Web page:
“This is like you’re in front of the shelf, okay?” he said. “And you pick up the product and you put it in your hand and you’re interacting with it. So, what we talk about in digital is we talk about from foot stopping to thumb stopping.

“…We think about thumb stopping visuals. Visuals that demonstrate what exactly this pack is and … what the pack contains...”

While the initial goal of a digital strategy may be to convert a purchase, Mr. Straton said the long-term goal is repeat purchases and getting on the consumer’s digital shopping list.

“…whether you’ve bought through your credit card or through your loyalty card, all of those purchases at the major retailers or any retailer, really, is stored somewhere, and they can use that to prepopulate a list for you online… So, when you make your first online shop, if the retailers are doing their job correctly, you basically can make that a very, very quick trip. You just take a look at what you purchased before and you basically click ‘yes’ and it goes into your basket.”

Hershey defines community as its direct relationship with its consumer. The goal, Mr. Straton said, is not to supersede a retailer’s relationship with a customer, but to add to it.

Hershey consumer

“… (It’s) making sure that we can communicate to them and then listen to them and give them what they want in the way they want,” he said. “This is all grounded in the middle, of course, by the consumer, which is the most important piece. If you understand the consumer, you understand the journey across online and off-line.”

A particular challenge for Hershey is how the consumer’s shift to digital shopping models is affecting impulse buys at checkout. The fewer consumers moving through physical retail checkout lines the fewer opportunities there are to capture impulse sales.

Mr. Straton said while that may be true, the company is experimenting with digital impulse sales.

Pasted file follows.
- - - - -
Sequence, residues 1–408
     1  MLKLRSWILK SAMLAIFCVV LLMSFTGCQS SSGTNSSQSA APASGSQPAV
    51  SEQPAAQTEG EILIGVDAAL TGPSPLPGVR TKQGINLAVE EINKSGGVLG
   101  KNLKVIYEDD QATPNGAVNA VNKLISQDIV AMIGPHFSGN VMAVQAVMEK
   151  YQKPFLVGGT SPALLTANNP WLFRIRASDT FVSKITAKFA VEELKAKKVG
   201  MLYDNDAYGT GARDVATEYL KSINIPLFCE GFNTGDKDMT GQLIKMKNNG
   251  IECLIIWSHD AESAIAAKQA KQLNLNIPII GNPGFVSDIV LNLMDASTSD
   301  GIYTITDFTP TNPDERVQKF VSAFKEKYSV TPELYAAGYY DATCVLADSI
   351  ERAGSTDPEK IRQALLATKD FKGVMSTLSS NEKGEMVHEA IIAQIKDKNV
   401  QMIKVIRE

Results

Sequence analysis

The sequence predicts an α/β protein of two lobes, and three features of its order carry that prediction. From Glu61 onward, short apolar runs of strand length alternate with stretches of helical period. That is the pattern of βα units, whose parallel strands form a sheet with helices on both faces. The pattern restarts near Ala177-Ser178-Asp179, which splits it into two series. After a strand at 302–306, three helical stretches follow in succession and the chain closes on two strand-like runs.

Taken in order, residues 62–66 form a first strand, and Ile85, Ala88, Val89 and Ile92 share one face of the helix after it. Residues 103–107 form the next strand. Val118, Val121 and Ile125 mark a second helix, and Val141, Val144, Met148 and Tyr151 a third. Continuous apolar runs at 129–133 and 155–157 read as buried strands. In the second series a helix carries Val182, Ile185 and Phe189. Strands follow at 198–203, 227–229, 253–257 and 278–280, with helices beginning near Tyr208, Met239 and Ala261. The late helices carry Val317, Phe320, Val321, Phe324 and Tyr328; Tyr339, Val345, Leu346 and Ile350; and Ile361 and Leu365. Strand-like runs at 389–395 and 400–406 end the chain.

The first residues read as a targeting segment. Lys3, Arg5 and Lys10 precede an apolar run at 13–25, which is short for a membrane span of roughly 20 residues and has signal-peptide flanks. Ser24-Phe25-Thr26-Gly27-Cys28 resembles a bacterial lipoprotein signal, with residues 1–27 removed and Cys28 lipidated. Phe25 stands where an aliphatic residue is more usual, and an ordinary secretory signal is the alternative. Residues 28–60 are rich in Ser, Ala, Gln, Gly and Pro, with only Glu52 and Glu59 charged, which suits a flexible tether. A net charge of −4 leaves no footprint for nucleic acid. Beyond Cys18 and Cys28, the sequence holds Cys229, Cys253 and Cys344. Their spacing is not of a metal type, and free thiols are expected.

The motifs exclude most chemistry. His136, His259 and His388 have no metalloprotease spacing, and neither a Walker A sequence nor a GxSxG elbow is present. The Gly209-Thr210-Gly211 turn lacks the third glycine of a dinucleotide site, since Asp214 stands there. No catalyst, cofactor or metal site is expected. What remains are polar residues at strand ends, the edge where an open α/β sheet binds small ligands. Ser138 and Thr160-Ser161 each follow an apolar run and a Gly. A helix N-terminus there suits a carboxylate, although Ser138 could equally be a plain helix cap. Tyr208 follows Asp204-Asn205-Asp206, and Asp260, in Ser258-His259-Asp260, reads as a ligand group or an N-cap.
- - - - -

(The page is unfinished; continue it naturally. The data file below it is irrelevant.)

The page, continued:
“..we’re not ignoring impulse, but the key thing is, you can’t think of impulse in an online way the way you think about it in the store,” he said.

Using the example of a consumer ordering groceries through a click-and-collect model, the retailer may message the consumer on the way to the store and ask if they would like to add a Hershey product to the basket.

Hershey consumer cart

“The other thing that you need to know about click-and-collect is a lot of people after they pick up their groceries, they actually run inside, it’s between 40% and 70%, depending on the retailer, to pick up additional items that are unplanned,” Mr. Straton said. “So, you have another opportunity to interact with them from an impulse perspective.”

At the beginning of the presentation, Michele G. Buck, president and chief executive officer, said Hershey has a “huge opportunity” to take its data technology to the next level.

“… we’re really engaged in a company-wide digital transformation, and the best way that I would explain that to you is, I would say that in the past I.T. (information technology) was a little bit more of a staff function, a little bit less of a commercial function,” she said. “I think that data and analytics and technology were available to us, but our vision going forward is that they’re really the backbone of how we run this business in a bigger way than they’ve ever been before because the capabilities exist for that to be true.”